• Control flight and/or other movements towards the target.
  • Trigger a lethal munition to kill the target. Lethal meaning something as small as a single bullet.

It should be noted that all these capabilities are here now.

The temptation to open Pandora’s Box is irresistible. In early March, the U.S. National Security Commission (NSC) on Artificial Intelligence completed its two-year inquiry, publishing its findings in a dense 750-page report. Its members unanimously concluded that the United States has a “moral imperative” to pursue the use of lethal autonomous weapons, a.k.a. “killer robots.” Otherwise, we risk bringing a rusty knife to a superhuman gunfight.

Citing the threat of China or Russia leading the global artificial intelligence (AI) arms race, the commission’s chairman, former Google CEO Eric Schmidt, urged President Biden to reject a proposed international ban on AI-controlled weapons. Schmidt rightly suspects our major rivals won’t abide by such a treaty, warning U.S. leaders, “This is the tough reality we must face.”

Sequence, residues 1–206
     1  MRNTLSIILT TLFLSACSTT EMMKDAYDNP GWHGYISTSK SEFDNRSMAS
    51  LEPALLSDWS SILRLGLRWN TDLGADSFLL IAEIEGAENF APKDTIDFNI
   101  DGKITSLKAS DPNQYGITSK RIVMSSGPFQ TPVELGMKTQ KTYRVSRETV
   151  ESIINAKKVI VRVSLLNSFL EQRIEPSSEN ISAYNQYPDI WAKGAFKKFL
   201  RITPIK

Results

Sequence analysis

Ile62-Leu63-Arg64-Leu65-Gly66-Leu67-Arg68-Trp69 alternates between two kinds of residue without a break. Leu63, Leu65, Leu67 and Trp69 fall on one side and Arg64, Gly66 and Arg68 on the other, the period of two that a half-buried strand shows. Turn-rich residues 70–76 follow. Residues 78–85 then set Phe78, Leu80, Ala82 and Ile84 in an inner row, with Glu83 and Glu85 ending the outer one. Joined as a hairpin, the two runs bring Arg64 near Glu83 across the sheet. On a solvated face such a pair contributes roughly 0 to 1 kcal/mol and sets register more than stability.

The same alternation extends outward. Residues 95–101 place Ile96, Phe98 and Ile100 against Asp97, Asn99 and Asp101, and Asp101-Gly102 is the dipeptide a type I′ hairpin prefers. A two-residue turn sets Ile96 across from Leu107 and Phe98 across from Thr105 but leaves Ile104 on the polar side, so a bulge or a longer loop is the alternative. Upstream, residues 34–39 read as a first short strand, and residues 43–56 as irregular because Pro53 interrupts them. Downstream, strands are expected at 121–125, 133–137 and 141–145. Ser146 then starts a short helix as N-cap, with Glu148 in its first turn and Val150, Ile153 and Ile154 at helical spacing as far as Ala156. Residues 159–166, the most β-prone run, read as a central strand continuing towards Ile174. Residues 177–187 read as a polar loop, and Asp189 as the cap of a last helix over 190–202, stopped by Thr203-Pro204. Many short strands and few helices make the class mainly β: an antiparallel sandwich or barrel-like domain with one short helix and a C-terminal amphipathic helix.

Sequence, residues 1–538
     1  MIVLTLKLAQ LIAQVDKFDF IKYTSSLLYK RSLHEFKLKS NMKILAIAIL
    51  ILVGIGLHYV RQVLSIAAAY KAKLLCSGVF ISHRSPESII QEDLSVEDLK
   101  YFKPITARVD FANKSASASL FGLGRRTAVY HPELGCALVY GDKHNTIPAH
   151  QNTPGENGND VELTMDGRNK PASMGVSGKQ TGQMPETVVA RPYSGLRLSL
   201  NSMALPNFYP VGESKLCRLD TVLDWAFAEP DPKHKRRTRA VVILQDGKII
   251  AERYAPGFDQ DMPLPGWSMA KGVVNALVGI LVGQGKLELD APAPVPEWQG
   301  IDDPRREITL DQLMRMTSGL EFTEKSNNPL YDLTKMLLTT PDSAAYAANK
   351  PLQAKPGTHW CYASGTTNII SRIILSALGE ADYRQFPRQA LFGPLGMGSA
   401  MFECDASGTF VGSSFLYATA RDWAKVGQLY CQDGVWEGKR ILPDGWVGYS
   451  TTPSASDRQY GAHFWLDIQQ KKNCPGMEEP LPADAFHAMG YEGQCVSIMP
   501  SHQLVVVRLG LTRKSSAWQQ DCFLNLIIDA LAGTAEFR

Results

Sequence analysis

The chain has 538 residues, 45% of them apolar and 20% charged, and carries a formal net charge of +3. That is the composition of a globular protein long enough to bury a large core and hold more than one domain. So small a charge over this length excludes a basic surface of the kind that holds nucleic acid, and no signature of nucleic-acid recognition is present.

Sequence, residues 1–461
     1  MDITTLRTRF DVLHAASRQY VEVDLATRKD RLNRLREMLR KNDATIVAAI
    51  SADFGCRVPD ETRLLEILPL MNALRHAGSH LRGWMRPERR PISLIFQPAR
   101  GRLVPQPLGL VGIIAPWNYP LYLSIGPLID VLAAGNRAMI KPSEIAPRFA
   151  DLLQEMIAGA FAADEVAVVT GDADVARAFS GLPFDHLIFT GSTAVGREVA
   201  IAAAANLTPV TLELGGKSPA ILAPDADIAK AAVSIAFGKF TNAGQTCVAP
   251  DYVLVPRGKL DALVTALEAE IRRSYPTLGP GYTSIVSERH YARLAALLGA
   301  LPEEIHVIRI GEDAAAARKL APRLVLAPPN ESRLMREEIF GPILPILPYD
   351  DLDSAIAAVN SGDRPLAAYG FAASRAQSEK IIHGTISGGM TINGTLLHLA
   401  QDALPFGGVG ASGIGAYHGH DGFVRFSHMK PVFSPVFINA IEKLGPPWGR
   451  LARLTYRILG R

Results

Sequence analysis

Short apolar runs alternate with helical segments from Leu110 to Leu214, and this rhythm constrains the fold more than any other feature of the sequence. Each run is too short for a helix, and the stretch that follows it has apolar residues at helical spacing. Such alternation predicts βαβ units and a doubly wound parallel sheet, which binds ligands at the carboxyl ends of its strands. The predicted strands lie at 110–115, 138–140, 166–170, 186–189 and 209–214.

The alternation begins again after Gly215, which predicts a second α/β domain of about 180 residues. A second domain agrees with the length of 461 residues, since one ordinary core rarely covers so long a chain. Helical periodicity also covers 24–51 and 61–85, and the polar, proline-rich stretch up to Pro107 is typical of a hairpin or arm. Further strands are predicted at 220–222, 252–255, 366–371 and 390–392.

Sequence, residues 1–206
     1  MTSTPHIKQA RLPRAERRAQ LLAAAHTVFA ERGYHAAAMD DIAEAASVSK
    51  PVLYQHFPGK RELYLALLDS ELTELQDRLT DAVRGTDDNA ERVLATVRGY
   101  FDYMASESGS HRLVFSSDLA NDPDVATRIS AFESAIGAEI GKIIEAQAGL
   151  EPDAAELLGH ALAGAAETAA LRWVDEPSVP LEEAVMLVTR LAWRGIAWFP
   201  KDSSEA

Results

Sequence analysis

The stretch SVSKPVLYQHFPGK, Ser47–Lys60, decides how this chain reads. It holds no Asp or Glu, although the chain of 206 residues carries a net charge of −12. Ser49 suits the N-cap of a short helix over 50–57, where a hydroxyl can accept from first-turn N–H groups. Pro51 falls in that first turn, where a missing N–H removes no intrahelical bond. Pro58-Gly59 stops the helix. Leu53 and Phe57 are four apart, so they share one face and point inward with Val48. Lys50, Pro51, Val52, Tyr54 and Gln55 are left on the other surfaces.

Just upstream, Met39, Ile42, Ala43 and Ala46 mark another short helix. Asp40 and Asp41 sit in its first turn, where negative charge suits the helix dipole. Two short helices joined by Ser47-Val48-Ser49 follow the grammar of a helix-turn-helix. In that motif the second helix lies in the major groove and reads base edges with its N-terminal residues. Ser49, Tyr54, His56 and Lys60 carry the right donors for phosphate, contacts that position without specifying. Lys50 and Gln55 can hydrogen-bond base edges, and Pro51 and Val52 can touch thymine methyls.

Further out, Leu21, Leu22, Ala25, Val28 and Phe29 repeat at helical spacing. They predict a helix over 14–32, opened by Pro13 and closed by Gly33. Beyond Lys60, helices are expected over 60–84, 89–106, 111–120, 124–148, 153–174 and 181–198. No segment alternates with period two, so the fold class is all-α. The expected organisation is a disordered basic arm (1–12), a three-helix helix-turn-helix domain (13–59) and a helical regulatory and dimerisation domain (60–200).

If other superpowers are going to unleash demonic drone swarms on the world, the logic goes, the United States should be the first to open the gates of Hell.

Of course we already have things like the General Atomic Predator drones (“General Atomic”, how 1950’s is that?) and others which have been launching missiles at people for over a decade now. But they have humans in the decision loop and they’re still big and relatively expensive, although much cheaper than a human-piloted fighter bomber.